12 categories: state-sentenced, county-sentenced, awaiting trial, and other. According to the data submitted to GCIC and as shown in Exhibit 7, inmates awaiting trial make up the largest proportion (approximately 60%) of the total number of inmates held in county jails each year. The total number of inmates held in county jails has been on the increase over the past six years; the average monthly jail population increased by 49% from fiscal year 1997 to fiscal year 2005 (from 22,966 to 34,211 inmates). Between fiscal year 2000 and fiscal year 2005, the number of inmates the jails categorized as state-sentenced grew from 2,628 to 4,404 inmates. Exhibit 7 Average Monthly County Jail Inmate Composition by Type of Inmate FY through FY ,000 34,000 32,000 30,000 28,000 26,000 24,000 22,000 20,000 18,000 16,000 14,000 12,000 10,000 8,000 6,000 4,000 2, Totals based on 11 months of data available Source: County Jails monthly population reports Fiscal Year State-sentenced County-sentenced Other Awaiting Trial (as reported by county jails) Based on data reported by the jails for the month of September 2005, the total inmate population continues to rise; as of September, 38,051 inmates were reportedly being held in county jails. It should be noted that because the data reported by the counties is self-reported and not verified by GCIC or another entity, there are no assurances of its accuracy nor are there assurances that counties are reporting data in a similar manner and categorizing inmates in the same way. 12

13 A Critique of the Different Reporting Standards By Jailers' Count of State Inmates and the Department s Inmate Jail Backlog. Our review found that no standard exists to ensure county jails and the Department uniformly report the number of state inmates housed in county jails. Inmates included in the Department s jail backlog are consistent with the state s policy to recognize persons as state inmates once the Department receives their sentencing documents or revocation orders. As shown in Exhibit 8, county jails may count up to five additional types of inmates as state-sentenced when compiling numbers for the monthly population report. As a result, the counts of state inmates are not the same according to the counties and GDC. For example, in fiscal year 2005, counties reported a monthly average of 4,404 state-sentenced inmates held in county jails; however, over the same period of time, GDC s monthly average was approximately 2,700. While there is standard language used to report jail population data to the Georgia Crime Information Center, individual counties must use their judgment in deciding how to classify inmates into each of the four reporting categories (awaiting trial, state-sentenced, county-sentenced, and other) and no one is responsible for reviewing the information to ensure consistency across counties or consistency with the methodology used by the state. Exhibit 8 Reporting Practices Used by the Department and County Jails Types of Jail Inmate State-sentenced inmates whose sentencing documents have been received and verified by the Department State-sentenced inmates whose sentencing documents have not been received by the Department Parolees whose parole revocation orders have been received and verified by the Department Arrested parolees whose parole has not yet been revoked Probationers whose probation revocation orders have been received and verified by the Department Arrested probationers whose probations has not yet been revoked Probationers sentenced to serve a split sentence (jail-plus-street time) Probationers awaiting entry to Department boot camps and detention and diversion centers State-Sentenced Inmate Department County Jail Counts Reports Source: Georgia Department of Corrections 13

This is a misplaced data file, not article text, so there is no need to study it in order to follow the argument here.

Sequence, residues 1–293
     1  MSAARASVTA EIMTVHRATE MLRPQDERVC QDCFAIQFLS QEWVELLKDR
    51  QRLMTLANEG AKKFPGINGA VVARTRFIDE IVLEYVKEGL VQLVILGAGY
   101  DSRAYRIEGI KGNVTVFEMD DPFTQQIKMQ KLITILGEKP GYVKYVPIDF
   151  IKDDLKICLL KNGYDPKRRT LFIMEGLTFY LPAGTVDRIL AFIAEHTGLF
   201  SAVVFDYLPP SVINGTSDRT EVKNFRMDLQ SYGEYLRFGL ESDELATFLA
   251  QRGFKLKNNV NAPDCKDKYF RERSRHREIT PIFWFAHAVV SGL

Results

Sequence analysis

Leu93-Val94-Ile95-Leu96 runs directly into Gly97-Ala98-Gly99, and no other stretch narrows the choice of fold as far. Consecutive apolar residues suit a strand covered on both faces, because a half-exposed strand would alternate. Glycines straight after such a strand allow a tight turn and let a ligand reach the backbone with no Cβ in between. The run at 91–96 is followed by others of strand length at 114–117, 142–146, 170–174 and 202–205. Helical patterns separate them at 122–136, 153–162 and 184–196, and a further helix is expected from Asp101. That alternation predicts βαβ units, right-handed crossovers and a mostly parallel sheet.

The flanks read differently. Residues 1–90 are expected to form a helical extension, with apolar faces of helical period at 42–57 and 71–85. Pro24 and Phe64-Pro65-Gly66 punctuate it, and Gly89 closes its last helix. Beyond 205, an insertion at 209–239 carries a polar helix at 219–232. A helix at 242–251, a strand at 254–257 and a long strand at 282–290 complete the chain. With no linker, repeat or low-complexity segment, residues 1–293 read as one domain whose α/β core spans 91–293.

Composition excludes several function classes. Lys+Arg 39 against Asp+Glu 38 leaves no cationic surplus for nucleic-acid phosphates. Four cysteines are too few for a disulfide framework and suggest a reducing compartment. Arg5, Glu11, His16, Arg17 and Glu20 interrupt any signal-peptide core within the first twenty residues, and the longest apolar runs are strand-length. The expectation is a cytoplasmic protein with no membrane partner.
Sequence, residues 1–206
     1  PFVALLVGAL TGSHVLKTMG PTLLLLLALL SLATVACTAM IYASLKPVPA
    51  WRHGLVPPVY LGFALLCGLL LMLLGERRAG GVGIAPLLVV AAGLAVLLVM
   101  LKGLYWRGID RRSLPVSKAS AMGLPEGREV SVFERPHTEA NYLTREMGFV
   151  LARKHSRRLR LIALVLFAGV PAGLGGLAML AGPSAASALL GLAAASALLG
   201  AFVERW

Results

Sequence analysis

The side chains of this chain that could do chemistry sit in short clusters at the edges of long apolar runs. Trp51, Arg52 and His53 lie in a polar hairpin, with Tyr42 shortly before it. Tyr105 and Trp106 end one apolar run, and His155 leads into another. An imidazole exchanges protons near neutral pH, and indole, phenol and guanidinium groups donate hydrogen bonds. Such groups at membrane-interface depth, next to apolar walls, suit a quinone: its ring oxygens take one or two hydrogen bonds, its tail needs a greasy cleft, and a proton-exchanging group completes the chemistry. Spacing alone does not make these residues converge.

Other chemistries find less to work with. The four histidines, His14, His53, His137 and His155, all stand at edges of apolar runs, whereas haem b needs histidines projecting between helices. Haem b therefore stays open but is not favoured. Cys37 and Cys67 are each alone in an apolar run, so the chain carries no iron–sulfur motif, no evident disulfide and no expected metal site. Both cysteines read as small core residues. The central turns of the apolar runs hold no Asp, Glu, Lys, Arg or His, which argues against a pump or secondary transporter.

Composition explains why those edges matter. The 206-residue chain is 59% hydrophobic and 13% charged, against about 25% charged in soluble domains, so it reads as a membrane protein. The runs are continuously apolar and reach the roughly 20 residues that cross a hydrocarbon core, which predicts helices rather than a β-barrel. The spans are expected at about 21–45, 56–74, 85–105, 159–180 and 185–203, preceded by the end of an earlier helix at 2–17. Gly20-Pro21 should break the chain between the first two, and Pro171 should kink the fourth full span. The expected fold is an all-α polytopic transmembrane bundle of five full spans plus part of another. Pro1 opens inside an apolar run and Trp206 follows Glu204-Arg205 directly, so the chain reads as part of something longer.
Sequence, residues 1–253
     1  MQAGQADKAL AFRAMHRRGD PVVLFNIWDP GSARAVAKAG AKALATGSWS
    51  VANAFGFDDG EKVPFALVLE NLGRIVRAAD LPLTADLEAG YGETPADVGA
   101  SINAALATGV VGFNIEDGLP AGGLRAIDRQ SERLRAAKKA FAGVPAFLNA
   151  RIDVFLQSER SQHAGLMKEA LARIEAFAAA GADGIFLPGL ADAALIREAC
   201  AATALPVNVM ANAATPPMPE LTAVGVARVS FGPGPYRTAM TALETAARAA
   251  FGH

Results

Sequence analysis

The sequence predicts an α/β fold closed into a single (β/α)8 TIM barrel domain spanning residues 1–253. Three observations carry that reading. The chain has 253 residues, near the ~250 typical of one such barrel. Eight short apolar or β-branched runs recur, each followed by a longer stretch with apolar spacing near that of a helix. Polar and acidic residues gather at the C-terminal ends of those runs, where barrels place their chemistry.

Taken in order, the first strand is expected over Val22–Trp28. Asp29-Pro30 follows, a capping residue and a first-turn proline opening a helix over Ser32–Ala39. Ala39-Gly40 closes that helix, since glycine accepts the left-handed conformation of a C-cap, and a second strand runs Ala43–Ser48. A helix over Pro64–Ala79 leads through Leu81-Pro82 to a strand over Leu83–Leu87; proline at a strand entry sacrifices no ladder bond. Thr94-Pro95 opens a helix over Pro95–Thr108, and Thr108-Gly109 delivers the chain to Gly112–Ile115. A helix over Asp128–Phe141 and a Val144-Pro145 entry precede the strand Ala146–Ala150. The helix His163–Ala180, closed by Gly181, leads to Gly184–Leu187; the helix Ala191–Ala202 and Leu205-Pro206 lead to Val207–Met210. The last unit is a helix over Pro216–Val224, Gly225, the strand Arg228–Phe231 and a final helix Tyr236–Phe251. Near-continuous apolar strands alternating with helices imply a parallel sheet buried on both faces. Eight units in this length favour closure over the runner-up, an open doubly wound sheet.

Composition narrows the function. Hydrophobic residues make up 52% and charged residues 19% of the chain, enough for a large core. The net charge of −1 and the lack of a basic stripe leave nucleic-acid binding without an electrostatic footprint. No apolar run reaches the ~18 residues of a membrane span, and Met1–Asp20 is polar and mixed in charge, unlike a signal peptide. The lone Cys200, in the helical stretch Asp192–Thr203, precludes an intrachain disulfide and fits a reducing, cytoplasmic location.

14 The development and use of reporting standards would enable county jails and the Department to account for and report information about state inmates in a consistent manner. Two possible ways to resolve reporting inconsistencies among county jails and reduce differences between the jails and the Department s counts include: Adding additional categories to the county jails reporting instrument. Currently, county jails are limited to four categories. By comparison, the instrument used in the state of Texas has 15 categories in which inmates are classified, including categories for technical violators. Both Texas and Florida use a reporting instrument that categorize inmates by gender and whether they committed felonies or misdemeanors. A revised reporting instrument in Georgia could include several options for classifying state inmates, including the eight types of inmates shown in Exhibit 8. Providing training to county jail staff responsible for classifying inmates for reporting purposes to clarify and standardize which inmates should be included in each category and why. 14